Squealing Salvation

March 4, 2012
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I’ve always lived in a rather controlled environment. I saw the world through my mother’s eyes. The idea of me thinking for myself was a mere illusion. I had more choice than a rat in a cage. While I thought that running on the wheel was a terrific idea, I had not the slightest clue that it was my only choice. What I’m referring to specifically is my mother’s view of animals and their respective rights. She always taught me that animals are equal to humans, if not superior, in every way, shape, and form and that’s just the way it was no ifs, ands, or buts. In her world, they had a special stipulation in the Bill of Rights. I was indoctrinated with this idea, consumed by it. I was in a sheltered home in which I had not even seen so much as a stray cat get shooed or a menacing spider swatted. Little did I know that this was a radical view in the eyes of others.

When I was twelve years old, my buddy, Trey, invited me out for a day on his four-wheeler in La Belle. I had no idea what the day had in store for me, but I just went along with it. Early in the day, we went mudding on his four-wheeler. This was a momentous occasion for me as I had never driven a four-wheeler up to that point. I joyously maneuvered the vehicle as we glided through the supple mud, imposing our will on the terrain. We laughably enjoyed the simple dalliances of adolescence. As he neared his house, however, the mud had dried into a semi-hardened substance that was torn to shreds by the intensity of the tires, emitting billows of dust into the atmosphere. When we arrived at his house, Trey’s father waved his hands and called for him, “Boy, c’mere.” We began edging toward him and Trey’s father picked up a mysterious metallic object off the trailer he was leaning on. It was a .22 caliber rifle. I was flabbergasted as I had never seen a gun in my life. Why did he give him the gun though? We began climbing into the trailer and I heard a faint squeal. I was in utter disbelief. Oh lord, can it be? Please not here, not now.

As Trey mounted the gun on his shoulder, I cringed. I simply couldn’t watch. My mind was in a tizzy as questions were expeditiously ringing in my head. How dare these ingrates harm an innocent creature? What had it done to them to deserve to be executed? “Ready, papa?” These were the most sacrilegious words I had ever heard. Signaled by a slight nod, Trey pulled the trigger. I plunged my fingers into my ears as hard as I could but it didn’t help. The bang’s torturous echo plagued my mind. I felt a part of my being rip propel from my body just as the bullet did from the barrel. I was an accessory to murder. What would God think of my morally contemptible actions? The warmth of the tear slowly dribbling down my face juxtaposed with the frigidity of my soul. I don’t know why I was crying though; maybe it was due to the thought of my pending eternal damnation or rather some heightened sense of compassion, I’ll never know. Nevertheless, I watched as they bled the hog. I gazed in agony as they took their razor sharp blades and effortlessly gashed the torso of the hog, blood leaking down its body, culminating in a pool of red muck on the ground. Seeing the utter horror on my face, Trey’s father took me aside. He announced, “Boy, this here is natural. You see, I’m just doing what the good lord intended on me doing. Ain’t nothing wrong with me feeding my family. You see critters killing other critters and nobody makes a fuss about that. Hell, animals die e’ryday, that’s just how it is. That’s nature for you. They come, they go. Man up and come give a hand, we need you.” I saw the validity in his poorly crafted argument but that raised one question: Could this man’s view on animals supersede my mom’s? I mean, my mom had never been wrong before. On the other hand, there’s a first time for everything. I was cast into a philosophical conundrum not fit for a twelve year old.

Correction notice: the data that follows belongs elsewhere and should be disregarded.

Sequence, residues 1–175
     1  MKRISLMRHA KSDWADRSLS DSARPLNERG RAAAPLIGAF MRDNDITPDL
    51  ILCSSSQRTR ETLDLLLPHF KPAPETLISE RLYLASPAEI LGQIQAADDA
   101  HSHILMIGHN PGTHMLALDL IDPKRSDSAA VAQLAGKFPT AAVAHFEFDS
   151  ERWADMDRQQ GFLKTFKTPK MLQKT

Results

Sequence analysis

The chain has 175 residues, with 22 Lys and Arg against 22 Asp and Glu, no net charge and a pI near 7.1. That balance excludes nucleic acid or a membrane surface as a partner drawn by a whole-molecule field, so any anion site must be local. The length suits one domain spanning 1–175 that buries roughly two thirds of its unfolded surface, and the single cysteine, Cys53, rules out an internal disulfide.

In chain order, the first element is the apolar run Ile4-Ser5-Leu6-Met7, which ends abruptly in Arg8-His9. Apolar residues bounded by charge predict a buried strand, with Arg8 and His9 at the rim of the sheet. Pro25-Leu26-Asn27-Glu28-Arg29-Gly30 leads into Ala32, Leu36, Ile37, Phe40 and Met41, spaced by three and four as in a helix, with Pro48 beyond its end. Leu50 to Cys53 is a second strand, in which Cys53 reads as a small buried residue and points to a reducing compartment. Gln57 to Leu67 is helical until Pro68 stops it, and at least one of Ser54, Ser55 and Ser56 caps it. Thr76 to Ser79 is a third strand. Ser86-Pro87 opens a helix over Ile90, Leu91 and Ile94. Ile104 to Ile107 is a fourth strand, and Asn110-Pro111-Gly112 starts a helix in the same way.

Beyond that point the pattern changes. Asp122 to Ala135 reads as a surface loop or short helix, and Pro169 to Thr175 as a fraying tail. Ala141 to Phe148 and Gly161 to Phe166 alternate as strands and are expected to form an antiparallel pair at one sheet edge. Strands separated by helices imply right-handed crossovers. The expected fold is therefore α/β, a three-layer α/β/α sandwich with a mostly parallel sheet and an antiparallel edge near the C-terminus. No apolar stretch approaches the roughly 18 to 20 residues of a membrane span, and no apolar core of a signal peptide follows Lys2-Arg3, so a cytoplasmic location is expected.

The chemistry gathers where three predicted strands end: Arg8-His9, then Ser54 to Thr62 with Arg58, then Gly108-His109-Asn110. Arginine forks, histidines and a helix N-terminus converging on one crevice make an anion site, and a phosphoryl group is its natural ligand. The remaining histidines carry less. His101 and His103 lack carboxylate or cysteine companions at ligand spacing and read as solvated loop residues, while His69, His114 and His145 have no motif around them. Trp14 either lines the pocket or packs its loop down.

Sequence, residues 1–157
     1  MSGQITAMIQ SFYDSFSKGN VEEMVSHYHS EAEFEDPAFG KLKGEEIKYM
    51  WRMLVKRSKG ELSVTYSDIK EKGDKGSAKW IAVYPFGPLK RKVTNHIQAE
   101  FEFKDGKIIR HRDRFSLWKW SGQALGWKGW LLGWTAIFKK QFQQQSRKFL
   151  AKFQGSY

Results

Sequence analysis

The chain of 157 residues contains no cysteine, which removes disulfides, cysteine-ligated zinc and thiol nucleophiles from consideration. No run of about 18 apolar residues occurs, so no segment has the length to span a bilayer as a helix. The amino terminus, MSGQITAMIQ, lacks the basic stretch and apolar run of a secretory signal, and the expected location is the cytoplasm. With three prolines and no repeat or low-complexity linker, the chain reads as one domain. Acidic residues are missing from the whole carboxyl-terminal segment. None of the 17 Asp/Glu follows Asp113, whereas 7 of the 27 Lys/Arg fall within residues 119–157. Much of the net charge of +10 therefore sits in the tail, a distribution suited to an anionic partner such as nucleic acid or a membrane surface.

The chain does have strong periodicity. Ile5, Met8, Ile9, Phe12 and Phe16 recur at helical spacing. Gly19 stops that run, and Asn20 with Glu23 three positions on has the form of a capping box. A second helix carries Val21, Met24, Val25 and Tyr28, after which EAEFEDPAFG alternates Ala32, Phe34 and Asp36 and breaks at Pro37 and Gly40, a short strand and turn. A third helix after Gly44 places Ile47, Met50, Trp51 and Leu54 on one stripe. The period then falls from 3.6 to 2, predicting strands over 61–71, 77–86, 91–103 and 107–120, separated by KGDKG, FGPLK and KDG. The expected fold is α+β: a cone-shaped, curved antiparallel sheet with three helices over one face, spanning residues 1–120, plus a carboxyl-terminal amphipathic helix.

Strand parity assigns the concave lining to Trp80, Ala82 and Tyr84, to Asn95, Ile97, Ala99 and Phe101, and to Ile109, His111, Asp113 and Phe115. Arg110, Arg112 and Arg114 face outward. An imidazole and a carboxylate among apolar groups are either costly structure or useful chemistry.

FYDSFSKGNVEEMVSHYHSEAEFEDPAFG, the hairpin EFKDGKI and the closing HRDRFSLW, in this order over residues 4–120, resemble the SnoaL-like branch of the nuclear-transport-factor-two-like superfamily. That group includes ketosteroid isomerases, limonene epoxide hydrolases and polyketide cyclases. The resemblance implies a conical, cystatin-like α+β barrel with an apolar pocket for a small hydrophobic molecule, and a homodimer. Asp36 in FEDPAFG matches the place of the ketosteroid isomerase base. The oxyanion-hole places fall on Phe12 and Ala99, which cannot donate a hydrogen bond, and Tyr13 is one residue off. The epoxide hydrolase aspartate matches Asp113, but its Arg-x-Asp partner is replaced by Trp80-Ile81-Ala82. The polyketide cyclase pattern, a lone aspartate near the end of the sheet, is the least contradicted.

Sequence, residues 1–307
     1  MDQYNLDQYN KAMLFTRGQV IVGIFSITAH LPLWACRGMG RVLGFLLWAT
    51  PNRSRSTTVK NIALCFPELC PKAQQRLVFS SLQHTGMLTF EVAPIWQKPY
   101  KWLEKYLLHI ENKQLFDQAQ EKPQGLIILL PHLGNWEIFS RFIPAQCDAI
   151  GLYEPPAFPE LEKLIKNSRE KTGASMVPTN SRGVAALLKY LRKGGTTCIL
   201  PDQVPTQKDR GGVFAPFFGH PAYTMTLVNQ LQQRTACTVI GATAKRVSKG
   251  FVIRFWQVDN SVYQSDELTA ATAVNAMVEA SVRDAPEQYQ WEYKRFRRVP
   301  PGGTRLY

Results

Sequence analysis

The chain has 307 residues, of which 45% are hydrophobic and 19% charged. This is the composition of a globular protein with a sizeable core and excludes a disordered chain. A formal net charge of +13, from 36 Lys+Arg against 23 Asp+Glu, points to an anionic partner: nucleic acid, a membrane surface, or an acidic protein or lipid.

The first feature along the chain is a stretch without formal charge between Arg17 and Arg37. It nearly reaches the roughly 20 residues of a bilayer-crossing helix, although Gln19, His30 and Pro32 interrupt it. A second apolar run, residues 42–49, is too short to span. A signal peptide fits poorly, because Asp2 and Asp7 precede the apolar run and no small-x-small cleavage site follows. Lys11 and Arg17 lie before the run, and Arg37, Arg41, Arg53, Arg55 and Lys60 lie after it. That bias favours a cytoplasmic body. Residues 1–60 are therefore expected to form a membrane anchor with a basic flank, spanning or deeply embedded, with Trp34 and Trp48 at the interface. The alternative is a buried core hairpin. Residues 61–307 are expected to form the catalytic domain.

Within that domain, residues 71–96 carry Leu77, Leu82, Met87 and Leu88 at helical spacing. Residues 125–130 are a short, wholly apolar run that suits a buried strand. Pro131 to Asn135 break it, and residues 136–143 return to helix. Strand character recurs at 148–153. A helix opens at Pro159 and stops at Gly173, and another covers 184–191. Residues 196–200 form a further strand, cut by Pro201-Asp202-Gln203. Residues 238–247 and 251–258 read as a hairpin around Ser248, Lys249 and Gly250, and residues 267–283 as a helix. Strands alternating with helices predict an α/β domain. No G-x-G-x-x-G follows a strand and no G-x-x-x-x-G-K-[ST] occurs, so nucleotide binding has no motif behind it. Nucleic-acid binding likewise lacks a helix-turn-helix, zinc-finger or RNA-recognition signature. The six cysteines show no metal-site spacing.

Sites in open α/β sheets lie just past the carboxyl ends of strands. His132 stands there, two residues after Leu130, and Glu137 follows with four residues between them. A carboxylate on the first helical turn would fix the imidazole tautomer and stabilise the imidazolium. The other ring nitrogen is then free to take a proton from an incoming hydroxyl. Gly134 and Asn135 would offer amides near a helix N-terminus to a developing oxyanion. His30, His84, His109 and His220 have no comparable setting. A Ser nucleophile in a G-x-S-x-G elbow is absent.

Unfortunately, they requested my help in skinning the hog. I firmly grasped onto a little tuft of hair and on the count of three, I tugged. I pulled with such ferocity that I could hear the lipids separating from each other. The bone-crackling tear released an unrelenting stench that forever etched its putridity in my mind. My distaste with the situation translated into the conflict with my mother’s ideals. As my confusion and frustration continued to grow more intense, so did my yanking. I continued the onslaught until there was nothing left in me. Once the skin reached the hog’s posterior, the stomach gave way and a cascade of blood and intestines spewed out before me, some landing on me. Under normal circumstances, I would have been completely repulsed. However, this was difference for some reason. I was apathetic toward the situation. It was apparent that the tugging had spurred something inside. I didn’t really feel anything, not happiness nor sadness, not joy nor contempt. I was overcome by a natural anesthesia and became comfortably numb. As I looked upon the tattered carcass, I came to a realization. I did this. I was responsible for this and I aided in the mutilation of this animal. The most shocking part, however, was that I wasn’t repulsed rather I was unaltered. Sure, I had gone against my mother’s wishes but that was unimportant. I had just fulfilled my natural, carnal obligations. For once, I was autonomous. I did what I needed to do, not what my mother dictated I should do. Later that night, as I scarfed down the hog’s meat, I felt manhood’s sweet embrace. With each chomp, I was overcome by the hog’s liberating reciprocity as he tore off my skin. I was free.

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